Loren originally began as a journalist and worked at many magazines that unfortunately no longer exist. In 2002 he found himself at Inc. magazine, a company established in 1980 that preceded the golden era of entrepreneurship and still retains its place as a global leader in the world of entrepreneurs.
He fell in love with the role. Particularly the part where he got to chat with inspiring and creative entrepreneurs on a regular basis and learn from them. Prior to this, he had limited business journalism experience and thought business was on Wall St. This time he was learning about how some risked their own money to build a business instead of risking others.
After 6 years he began work at the New York Times where he was told to establish their entrepreneurial web page and improve the company’s overall coverage of entrepreneurship. After doing this for 6 years, he was then employed by Forbes, where he has occupied the Senior editor of entrepreneurship role ever since. He notes that Forbes has always been a magazine about entrepreneurship, but he felt that he could help improve coverage of the start-up ecosystem and improve online aspect.
Patterns in entrepreneurial world
One of the first comments made was the misleading notion that we are in the golden age of entrepreneurship. He notes that fewer companies are being started on average. compared to times past. A possible explanation cited is the increase of student debt, nonetheless he admits that it is difficult to be clear as to why. Another interesting point he makes is that despite there being much more support for entrepreneurship, rates of failure are as high as ever. He attributes that to people ‘swinging for the fences.’
Many people are not content with operating a sustainable small-medium sized business, but instead are aiming to become the next Amazon, Airbnb or Uber. Therefore they throw all their money into scaling the company quickly and acquiring Venture Capital (VC) backed funds and in many cases the company fails.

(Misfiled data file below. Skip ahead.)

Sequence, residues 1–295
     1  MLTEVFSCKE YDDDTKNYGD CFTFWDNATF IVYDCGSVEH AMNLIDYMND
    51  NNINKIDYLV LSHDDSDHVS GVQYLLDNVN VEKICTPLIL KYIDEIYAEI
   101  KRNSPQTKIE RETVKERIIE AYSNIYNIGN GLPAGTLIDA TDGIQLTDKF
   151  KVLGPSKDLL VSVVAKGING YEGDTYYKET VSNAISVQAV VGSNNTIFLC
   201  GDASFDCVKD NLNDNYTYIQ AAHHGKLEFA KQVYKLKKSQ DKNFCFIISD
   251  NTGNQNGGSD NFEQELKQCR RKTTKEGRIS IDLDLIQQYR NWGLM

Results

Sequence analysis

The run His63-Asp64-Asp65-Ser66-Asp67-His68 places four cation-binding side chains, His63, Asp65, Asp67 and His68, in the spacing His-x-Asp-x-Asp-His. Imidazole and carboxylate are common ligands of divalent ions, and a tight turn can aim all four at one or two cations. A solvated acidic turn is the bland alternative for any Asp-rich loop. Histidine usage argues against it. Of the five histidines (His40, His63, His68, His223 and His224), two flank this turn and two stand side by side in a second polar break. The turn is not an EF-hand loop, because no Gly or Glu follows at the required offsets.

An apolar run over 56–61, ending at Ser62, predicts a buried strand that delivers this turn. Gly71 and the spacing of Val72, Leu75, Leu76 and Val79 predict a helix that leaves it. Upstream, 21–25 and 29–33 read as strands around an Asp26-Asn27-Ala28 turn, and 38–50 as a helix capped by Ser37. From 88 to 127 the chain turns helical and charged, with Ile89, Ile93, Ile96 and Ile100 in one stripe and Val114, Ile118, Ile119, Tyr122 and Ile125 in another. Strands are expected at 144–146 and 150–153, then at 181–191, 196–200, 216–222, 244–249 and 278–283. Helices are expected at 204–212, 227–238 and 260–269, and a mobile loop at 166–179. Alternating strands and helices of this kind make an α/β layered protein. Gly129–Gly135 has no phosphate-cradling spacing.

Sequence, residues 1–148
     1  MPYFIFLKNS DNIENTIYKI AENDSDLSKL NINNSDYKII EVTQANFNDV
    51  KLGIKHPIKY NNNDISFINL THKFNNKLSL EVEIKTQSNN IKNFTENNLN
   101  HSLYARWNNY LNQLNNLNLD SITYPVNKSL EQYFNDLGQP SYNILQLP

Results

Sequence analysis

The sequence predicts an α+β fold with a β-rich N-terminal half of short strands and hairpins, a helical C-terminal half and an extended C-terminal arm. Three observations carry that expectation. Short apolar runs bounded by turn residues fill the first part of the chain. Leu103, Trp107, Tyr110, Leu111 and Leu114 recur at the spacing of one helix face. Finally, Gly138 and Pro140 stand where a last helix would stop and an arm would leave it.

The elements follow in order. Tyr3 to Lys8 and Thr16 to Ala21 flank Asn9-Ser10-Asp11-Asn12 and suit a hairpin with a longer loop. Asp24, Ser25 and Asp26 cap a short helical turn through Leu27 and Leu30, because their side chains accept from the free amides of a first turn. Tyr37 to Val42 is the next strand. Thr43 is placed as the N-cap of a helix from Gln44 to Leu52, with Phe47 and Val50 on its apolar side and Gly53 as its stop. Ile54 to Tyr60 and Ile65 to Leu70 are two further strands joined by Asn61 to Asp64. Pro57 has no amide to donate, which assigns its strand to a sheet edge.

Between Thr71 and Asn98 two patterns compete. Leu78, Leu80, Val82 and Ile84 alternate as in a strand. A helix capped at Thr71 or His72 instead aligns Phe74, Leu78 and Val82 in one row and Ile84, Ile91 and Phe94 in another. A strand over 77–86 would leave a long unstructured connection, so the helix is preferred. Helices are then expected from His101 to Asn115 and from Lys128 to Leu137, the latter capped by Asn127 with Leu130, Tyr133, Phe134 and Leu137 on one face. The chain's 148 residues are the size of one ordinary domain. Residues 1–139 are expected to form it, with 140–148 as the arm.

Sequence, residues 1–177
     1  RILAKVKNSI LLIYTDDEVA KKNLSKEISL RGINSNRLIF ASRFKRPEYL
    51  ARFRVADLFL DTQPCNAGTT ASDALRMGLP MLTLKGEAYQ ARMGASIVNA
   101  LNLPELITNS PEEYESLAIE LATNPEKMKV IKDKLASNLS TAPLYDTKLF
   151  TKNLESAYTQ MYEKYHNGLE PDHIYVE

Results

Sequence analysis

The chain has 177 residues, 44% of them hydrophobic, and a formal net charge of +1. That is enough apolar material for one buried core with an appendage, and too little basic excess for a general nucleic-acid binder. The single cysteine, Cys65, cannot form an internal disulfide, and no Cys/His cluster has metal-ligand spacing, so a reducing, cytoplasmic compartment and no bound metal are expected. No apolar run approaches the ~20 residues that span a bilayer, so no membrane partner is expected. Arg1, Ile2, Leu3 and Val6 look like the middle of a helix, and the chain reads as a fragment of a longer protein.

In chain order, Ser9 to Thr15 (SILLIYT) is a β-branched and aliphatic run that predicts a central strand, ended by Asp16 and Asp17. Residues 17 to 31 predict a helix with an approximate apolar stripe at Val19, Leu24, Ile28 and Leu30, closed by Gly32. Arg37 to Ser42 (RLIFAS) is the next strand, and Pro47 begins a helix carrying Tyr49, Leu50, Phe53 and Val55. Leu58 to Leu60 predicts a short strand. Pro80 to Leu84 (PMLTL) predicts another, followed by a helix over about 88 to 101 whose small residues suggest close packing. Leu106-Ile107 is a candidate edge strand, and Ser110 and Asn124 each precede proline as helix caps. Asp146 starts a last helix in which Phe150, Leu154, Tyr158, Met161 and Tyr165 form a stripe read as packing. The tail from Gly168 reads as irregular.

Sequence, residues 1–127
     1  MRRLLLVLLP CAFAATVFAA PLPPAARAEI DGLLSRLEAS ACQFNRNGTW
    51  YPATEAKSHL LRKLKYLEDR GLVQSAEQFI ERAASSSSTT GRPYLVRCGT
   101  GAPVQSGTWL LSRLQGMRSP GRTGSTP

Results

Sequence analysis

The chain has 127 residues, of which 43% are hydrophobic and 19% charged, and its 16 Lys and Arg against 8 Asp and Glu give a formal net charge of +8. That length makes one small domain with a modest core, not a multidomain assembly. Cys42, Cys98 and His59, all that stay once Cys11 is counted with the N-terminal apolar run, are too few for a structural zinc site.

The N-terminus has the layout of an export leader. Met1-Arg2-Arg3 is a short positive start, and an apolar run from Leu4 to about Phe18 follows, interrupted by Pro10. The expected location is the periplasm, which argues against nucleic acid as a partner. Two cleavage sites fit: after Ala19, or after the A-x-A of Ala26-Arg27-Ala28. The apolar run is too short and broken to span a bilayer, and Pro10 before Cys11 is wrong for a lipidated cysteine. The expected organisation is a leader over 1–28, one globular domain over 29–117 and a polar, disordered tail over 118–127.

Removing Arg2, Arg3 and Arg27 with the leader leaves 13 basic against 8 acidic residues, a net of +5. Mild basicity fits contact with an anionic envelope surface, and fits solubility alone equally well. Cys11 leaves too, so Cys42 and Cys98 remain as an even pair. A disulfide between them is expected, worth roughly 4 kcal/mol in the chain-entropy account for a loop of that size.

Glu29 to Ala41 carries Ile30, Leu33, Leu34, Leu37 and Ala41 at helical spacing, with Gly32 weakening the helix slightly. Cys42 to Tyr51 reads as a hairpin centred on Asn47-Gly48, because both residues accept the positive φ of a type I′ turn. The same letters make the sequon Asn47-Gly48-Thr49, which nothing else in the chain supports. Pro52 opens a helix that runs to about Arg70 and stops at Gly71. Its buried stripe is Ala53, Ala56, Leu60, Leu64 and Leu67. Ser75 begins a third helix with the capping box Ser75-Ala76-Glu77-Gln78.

This also was a point highlighted during the discussion, that investors are also changing the way they look at companies before investing their money. Many investors will now want to see a business with a sustainable idea as well as an operational aspect before getting involved. However, this has not been the focus of Mr Feldman at Forbes.
As he duly notes, only 2-3% of businesses are VC backed, therefore he is searching for those great private businesses that are looking to operate sustainably and have veered away from the often short-lived VC model. One of the programs they have at Forbes is called Small Giants and does just that. It lists 25 companies annually, that are doing something special and are industry leaders, privately owned and mainly run by the people who own it.
One awesome example of this is the company SRC Holdings in Springfield, Missouri. They were at one time an international harvesting company that eventually went broke in the 1980’s. The employees came up with a quick decision to buy it and it is still run as such, an employee-owned company. For more on SRC Holdings incredibly unique story, checkout the video below and https://www.forbes.com/sites/petercarbonara/2017/04/18/gaming-the-system-how-one-manufacturing-company-saved-itself-with-radical-transparency-and-created-a-slew-of-blue-collar-millionaires/#4e33b9773f83.
Mr Feldman reminds entrepreneurs that nothing can really prepare you to brace for the impact of running a business. It is a steep, but rewarding learning curve that you have to figure out yourself. Knowing your strengths and weaknesses well is a massive aid. This way you can work to your strengths and understand where your blind-spots lie. You can either work to improve them or find people that can help fill the void to free you up for other aspects of the business.
One important aspect is the loneliness of the entrepreneurial journey, therefore it’s important that you find yourself a community. It is difficult to talk to people within your circles about these ideas, unless they are directly involved in the space. Seeking out people nearby who are on a similar journey can make it a bit more familiar and help ease the burden of isolation.
On that note, understand that entrepreneurs are some of the most generous people with their time. So if you ever need a hand, often you will find many who are willing to give you advice or at least tell you what pitfalls to avoid. It is truly remarkable how willing the majority of entrepreneurs are to help.
It was a real delight having Loren on the show with his exclusive insight into an ever-growing startup ecosystem. To see more of his work follow him on Twitter: @lfeldman
You can also checkout his personal podcast at: https://businessradio.wharton.upenn.edu/programs/mind-your-business,-with-the-wharton-sbdc
For the full episode of this podcast, checkout: https://businesswilderness.com/podcasts/loren-feldman/